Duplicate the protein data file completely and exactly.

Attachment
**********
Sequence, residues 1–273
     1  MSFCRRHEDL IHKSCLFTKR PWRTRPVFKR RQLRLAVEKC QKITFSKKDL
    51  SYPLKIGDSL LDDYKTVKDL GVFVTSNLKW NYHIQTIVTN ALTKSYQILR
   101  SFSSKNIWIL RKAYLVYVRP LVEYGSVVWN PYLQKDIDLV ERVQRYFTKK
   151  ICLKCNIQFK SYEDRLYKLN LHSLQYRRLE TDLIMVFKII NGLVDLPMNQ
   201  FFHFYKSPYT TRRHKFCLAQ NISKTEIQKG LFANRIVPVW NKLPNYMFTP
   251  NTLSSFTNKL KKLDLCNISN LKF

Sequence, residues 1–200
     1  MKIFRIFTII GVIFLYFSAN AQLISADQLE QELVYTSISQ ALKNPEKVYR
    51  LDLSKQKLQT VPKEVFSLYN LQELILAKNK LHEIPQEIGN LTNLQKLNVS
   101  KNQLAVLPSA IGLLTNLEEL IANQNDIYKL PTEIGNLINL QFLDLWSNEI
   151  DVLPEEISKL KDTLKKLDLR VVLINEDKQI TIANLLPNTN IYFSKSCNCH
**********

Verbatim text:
Sequence, residues 1–273
     1  MSFCRRHEDL IHKSCLFTKR PWRTRPVFKR RQLRLAVEKC QKITFSKKDL
    51  SYPLKIGDSL LDDYKTVKDL GVFVTSNLKW NYHIQTIVTN ALTKSYQILR
   101  SFSSKNIWIL RKAYLVYVRP LVEYGSVVWN PYLQKDIDLV ERVQRYFTKK
   151  ICLKCNIQFK SYEDRLYKLN LHSLQYRRLE TDLIMVFKII NGLVDLPMNQ
   201  FFHFYKSPYT TRRHKFCLAQ NISKTEIQKG LFANRIVPVW NKLPNYMFTP
   251  NTLSSFTNKL KKLDLCNISN LKF

Sequence, residues 1–200
     1  MKIFRIFTII GVIFLYFSAN AQLISADQLE QELVYTSISQ ALKNPEKVYR
    51  LDLSKQKLQT VPKEVFSLYN LQELILAKNK LHEIPQEIGN LTNLQKLNVS
   101  KNQLAVLPSA IGLLTNLEEL IANQNDIYKL PTEIGNLINL QFLDLWSNEI
   151  DVLPEEISKL KDTLKKLDLR VVLINEDKQI TIANLLPNTN IYFSKSCNCH